How to Be Kind when Criticizing Others
January 26, 2010 1 Comment
“You missed a spot!”
“You’re leaving the house looking like that?”
Criticism. Does anyone truly enjoy receiving criticism? Does anyone truly enjoy giving criticism? It’s hard to criticize without causing anger, hurt or defensiveness. You could take the ostrich approach and just bury your head in the sand and ignore others’ failings. Sometimes that is the best approach, especially for trivial matters. However, just because people don’t like being criticized, that doesn’t mean we can avoid doing it. If we allow people to continue doing the wrong thing, we build up feelings of resentment. The secret is to criticize with kindness, and sparingly.
To criticize with kindness, consider Why, When and How?
First, the bad reasons to criticize:
o To hurt someone
o To vent frustrations or anger
o To build up your own ego (it makes you feel superior)
Good reasons to criticize include
o Helping someone improve—we want to help someone get better
o Making a necessary change—we want something done differently
o Discussion to consider change—we want to start or further discussion
When to Criticize? Timing is important. Don’t criticize when you or the other person is rushed or upset. Typically, you would want to offer criticism in private. Remember the old adage: “Criticize in Private, Praise in Public.” Receiving criticism is difficult enough, but having other people witness the event is sheer agony. Allow people to “save face” by criticizing them privately.
Also, make sure that people understand your expectations or standards and how to meet them. Is more training necessary? Do people have the right tools? Take the blame whenever you can. It will soften the criticism and really turn it back on yourself. “I don’t think I explained clearly enough how to do this. . .”
How to Criticize?
1. Consider your tone of voice, body language and attitude. I’ve learned that you can say almost anything with a warm, genuine smile and not get hit (physically or verbally!).
2. If possible, truthfully admit “I’ve made the same mistake myself.” This phrase does wonders for reducing the air of superiority that accompanies most criticism.
3. Be specific in your criticism. Don’t just say, “You did a bad job cleaning the windows.” Say something like, “The windows have streaks. Our customers expect clear windows.” Try to explain why something needs to change.
4. Do not attack the person; attack the problem.
5. Sandwich the criticism with positive comments.
I learned this technique in Toastmasters. Not only does it work for evaluating speeches, but it also works in everyday work and social situations. Sandwich the critical feedback between compliments or positive feedback. People love sincere compliments and positive feedback.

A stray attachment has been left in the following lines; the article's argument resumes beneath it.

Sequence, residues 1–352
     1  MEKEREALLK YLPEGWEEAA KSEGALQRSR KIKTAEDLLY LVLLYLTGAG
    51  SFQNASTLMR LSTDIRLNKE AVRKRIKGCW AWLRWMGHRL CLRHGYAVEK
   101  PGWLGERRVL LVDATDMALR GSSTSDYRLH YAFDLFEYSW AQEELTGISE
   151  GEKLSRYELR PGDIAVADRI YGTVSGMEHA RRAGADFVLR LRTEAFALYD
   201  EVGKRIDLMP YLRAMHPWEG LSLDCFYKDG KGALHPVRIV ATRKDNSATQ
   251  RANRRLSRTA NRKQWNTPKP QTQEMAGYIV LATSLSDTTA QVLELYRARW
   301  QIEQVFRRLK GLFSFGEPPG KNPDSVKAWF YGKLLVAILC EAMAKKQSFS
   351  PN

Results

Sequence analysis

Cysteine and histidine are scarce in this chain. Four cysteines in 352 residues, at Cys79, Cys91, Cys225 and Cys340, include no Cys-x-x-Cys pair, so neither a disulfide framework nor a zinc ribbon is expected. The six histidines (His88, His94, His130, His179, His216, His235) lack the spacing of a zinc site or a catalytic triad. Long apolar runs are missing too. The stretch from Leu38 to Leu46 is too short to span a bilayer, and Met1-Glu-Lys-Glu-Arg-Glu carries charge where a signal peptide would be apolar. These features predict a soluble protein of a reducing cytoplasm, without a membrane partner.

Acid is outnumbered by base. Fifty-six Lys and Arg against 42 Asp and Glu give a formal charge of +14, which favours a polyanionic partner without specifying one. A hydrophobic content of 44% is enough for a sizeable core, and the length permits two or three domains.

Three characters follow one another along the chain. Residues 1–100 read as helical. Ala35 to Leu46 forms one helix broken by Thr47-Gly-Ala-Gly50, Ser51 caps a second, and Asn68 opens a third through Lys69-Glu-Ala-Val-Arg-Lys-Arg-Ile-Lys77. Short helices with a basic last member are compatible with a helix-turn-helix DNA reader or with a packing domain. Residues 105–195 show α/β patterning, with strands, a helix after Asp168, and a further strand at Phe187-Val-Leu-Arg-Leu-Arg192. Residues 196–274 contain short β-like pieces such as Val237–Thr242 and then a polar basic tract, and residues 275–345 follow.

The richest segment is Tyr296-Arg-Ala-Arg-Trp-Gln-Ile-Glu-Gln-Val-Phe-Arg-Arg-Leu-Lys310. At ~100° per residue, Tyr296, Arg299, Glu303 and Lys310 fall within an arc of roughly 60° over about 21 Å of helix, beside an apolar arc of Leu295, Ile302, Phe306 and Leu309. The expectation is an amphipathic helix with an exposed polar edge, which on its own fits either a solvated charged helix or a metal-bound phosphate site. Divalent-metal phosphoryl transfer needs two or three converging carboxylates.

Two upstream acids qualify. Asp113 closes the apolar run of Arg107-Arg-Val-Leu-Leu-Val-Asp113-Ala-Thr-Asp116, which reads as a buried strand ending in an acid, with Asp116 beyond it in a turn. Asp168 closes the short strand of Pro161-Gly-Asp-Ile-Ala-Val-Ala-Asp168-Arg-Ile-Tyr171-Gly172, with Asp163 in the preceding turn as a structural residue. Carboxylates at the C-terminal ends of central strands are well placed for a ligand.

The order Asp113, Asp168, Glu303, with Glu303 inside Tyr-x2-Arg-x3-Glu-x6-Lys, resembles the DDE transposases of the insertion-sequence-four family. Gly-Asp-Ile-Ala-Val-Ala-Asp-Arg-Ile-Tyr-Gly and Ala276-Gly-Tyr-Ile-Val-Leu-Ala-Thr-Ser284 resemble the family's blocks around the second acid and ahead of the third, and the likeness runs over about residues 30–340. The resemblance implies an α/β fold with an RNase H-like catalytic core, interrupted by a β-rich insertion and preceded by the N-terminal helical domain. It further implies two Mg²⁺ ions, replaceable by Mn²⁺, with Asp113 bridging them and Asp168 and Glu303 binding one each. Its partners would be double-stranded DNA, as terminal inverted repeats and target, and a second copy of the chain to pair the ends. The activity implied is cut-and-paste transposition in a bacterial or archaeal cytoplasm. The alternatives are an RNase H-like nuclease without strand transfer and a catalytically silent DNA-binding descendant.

For example, my 17 year-old daughter cleans my house. Recently I needed to address an area for improvement.
Compliment: Clara, you are such a hard worker! You’re much better at cleaning than I was at your age.
Gentle Feedback: You might not have noticed that the lower edge of the shower in the downstairs bathroom gets really dusty. I know it’s easy to miss. I’m sure you could just swipe it clean when you are in that area.
Compliment: I really love having you clean my house. Keep up the good work!
Don’t “pop the balloon” with a “but”
Notice I don’t use the word “but” (or the fancier versions of “but:” “however” or “although”). If I had said something like, “You are such a hard worker! You’re much better at cleaning than I was at your age, but you missed the lower edge of the shower. . .” The “but” negates the compliment. Giving a compliment and then negating it with “but” is like inflating a balloon and then taking a pin and popping it.
My 20 year old son was recently looking for work. In this economy, you need to make the best first impression possible. My son’s “bed head” might have been appropriate for an indie film, but not for looking for a job.
Compliment: Sean, good choice in clothes! The dark pants and button-down shirt look sharp! They’ll make a great first impression.
Gentle Feedback: You know, I think you could make an even better first impression with your hair groomed to match your clothes.
Compliment: You look so handsome dressed so nicely!
When you use the sandwich technique, you may have people feeling glad that you critcized them! Criticize with kindness.